1) Dessalines was the kind of soldier necessitated in the battlefields at the time, a general willing to see plainly what was needed and not hesitating to respond bluntly.
2) The conditions that surrounded him as a child. If Dessalines became cruel, it was because of the treatments he and other slaves received from the French masters. It is noted that when Dessalines escaped to join the slaves in the mountains, he was disfigured from lashes, all his body were covered with deep scars left by beatings. Plus the french were as cruel as Dessalines. French masters used to dump cane syrup on slaves, buried them but leaving their head out so they can breath and remain alive, while ants eat them to death; throwing disobedient slaves in boiling cauldrons of cane syrup was common practice among other despicable treatments. One can only imagine what effects these conditions had on the slave Jean Jacques Dessalines.
Dessalines and Toussaint are the most revered Haitian heroes, while Toussaint was a diplomat; military expediency distinguished Dessalines.
After the capture and deportation of Toussaint L'Ouverture by the French General, Leclerc on May 5th, 1802; Dessalines assumed the post of Commander in Chief of the Haitian Army. The shift of powers was immediately felt by both the French and the Haitian soldiers. He deemed that the war was now a revolution for total independence rather than colonial autonomy with emancipation, like Toussaint wanted. No more diplomacy.
"Liberty or death; to renounce forever to France, and to die rather than to live under its domination."
When Dessalines suspected that some of his generals, out of interest or humanity, may not have carried his orders fully, he took it upon himself to tour the country and pitilessly massacred every French man, woman, or child that fell in his way. Dessalines is said to have personally slaughtered anywhere form 5000 to 10.000 white people.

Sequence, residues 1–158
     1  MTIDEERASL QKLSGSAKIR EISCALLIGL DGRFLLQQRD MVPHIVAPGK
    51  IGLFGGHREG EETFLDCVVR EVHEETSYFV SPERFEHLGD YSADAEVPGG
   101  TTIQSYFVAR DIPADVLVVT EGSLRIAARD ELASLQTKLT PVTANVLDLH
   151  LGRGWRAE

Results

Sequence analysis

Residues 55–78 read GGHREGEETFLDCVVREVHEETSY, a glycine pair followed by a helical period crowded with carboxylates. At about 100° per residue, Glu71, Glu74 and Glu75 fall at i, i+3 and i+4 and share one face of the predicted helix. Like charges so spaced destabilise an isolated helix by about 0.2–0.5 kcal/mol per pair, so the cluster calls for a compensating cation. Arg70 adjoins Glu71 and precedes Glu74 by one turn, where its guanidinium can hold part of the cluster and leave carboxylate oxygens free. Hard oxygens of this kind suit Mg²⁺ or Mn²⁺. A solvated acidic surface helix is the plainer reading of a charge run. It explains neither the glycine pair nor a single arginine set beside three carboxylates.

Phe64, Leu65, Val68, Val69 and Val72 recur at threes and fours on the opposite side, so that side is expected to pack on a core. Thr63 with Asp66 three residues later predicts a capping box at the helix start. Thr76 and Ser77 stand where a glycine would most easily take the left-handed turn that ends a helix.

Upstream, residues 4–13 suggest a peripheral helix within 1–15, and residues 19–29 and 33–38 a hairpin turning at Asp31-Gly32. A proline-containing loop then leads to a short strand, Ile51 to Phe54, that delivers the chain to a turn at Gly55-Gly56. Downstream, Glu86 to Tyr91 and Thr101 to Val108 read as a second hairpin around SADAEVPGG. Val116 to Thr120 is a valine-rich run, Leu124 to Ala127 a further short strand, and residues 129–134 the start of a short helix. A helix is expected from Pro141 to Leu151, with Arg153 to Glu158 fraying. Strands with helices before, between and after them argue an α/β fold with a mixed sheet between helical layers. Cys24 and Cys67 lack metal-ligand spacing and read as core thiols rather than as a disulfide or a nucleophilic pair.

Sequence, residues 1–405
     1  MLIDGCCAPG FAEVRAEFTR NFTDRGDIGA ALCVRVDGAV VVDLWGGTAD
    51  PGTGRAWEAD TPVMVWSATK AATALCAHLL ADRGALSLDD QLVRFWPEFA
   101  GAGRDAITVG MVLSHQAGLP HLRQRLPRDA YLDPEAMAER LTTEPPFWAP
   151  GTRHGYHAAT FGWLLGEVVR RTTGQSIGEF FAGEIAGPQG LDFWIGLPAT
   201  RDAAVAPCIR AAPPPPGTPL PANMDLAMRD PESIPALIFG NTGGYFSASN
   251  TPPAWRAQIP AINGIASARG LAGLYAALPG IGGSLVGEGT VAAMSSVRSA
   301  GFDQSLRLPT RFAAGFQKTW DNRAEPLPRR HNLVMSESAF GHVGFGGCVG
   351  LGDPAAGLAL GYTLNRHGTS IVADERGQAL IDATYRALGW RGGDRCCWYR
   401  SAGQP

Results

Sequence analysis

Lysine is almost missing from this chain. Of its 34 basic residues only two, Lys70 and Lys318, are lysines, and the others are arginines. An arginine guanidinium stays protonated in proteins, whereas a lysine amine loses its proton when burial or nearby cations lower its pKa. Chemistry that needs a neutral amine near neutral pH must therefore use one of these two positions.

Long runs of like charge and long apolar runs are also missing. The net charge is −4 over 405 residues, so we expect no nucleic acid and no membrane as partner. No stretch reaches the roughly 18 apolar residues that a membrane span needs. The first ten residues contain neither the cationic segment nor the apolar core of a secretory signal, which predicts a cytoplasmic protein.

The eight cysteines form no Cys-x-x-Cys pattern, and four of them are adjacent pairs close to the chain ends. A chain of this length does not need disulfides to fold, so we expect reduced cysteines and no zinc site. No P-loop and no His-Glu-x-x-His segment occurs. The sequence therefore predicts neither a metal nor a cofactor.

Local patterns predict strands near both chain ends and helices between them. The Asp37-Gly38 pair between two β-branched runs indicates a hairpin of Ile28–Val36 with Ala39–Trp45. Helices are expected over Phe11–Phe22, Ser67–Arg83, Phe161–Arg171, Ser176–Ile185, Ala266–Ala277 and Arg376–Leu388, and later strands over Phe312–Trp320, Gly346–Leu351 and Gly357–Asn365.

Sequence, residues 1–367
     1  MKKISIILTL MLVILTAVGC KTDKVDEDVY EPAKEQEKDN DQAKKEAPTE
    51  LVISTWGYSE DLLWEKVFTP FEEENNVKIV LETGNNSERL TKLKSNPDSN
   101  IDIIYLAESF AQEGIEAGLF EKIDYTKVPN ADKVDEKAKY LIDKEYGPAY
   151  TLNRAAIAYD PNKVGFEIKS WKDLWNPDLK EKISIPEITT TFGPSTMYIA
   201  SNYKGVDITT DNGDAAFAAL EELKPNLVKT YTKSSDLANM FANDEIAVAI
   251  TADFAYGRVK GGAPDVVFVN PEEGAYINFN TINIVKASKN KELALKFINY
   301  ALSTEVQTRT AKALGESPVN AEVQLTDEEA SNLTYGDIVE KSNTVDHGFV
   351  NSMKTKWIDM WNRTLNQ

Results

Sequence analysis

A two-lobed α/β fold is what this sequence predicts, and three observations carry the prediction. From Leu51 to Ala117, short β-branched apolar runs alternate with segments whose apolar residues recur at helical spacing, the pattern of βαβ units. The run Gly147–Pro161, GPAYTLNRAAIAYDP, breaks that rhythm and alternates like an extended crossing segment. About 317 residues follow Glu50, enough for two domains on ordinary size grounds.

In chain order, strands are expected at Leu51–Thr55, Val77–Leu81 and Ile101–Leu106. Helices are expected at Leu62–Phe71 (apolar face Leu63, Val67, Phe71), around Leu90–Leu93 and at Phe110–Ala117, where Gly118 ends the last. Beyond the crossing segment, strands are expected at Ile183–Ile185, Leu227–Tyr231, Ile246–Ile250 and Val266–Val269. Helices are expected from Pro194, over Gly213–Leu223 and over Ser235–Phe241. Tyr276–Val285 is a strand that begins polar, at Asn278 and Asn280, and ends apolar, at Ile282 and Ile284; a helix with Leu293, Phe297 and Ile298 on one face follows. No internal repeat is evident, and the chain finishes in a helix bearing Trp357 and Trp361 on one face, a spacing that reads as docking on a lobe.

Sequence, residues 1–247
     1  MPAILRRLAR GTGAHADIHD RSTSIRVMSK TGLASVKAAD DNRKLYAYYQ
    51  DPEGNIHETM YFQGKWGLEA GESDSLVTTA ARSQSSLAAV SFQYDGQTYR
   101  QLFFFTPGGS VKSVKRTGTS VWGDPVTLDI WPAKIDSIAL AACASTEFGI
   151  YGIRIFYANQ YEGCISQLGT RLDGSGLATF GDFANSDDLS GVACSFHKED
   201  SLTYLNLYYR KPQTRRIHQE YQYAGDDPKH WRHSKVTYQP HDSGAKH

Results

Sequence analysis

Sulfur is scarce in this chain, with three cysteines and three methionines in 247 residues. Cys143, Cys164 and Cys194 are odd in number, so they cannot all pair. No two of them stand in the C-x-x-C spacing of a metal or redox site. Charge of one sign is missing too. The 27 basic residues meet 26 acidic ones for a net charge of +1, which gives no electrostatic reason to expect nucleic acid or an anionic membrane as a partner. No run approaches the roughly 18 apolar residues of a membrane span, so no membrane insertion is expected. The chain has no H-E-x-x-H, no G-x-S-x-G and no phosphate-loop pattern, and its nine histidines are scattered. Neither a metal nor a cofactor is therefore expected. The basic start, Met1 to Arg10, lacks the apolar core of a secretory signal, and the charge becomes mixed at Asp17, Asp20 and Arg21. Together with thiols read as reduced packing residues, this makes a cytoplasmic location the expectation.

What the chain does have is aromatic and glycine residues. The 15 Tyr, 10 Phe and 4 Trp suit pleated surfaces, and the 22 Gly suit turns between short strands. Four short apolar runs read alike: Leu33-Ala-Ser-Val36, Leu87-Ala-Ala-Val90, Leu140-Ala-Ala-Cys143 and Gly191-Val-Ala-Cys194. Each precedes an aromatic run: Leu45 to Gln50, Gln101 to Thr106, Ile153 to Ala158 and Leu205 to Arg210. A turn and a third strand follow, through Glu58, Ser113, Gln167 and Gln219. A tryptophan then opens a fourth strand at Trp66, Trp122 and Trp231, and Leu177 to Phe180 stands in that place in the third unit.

On May 18th, 1803 in the City of Archaie, Dessalines took a french flag: Blue, white and red, tear out the white in symbolization of getting rid of everything white, gave the remaining two pieces to his god daughter Catherine Flon who would sew the first version of the Haitian Flag.
Dessalines commanded a major battle, Crête-à-Pierrot, fought for 20 days. March 4-24, 1802. General Leclerc, besieged the heavily barricaded fort. Surrounded, Dessalines and his troop were trapped inside the Fort, short of food and munitions. Dessalines launched a splendid call to his soldiers and boosted their courage. "Those ready to give up the fight for their freedom may leave, those who want to live free or die should stay and blow up the fortress rather than to give it up to the French." The fort was significant as it was sort of a gateway to the Artibonite River valley. Marie Jeanne, the only female soldier present was the first to chose to stay on the side of Dessalines, she took out her sword and encouraged the soldiers to urged they way through the French army, vigilantly waiting outside. Hungry, thirsty, outnumbered, they defeated the French lines and even killed their commander General Charles Dugua. On November 18th, 1803 Jean Jacques Dessalines led the last battle for Haiti's independence, the Battle of Vertieres.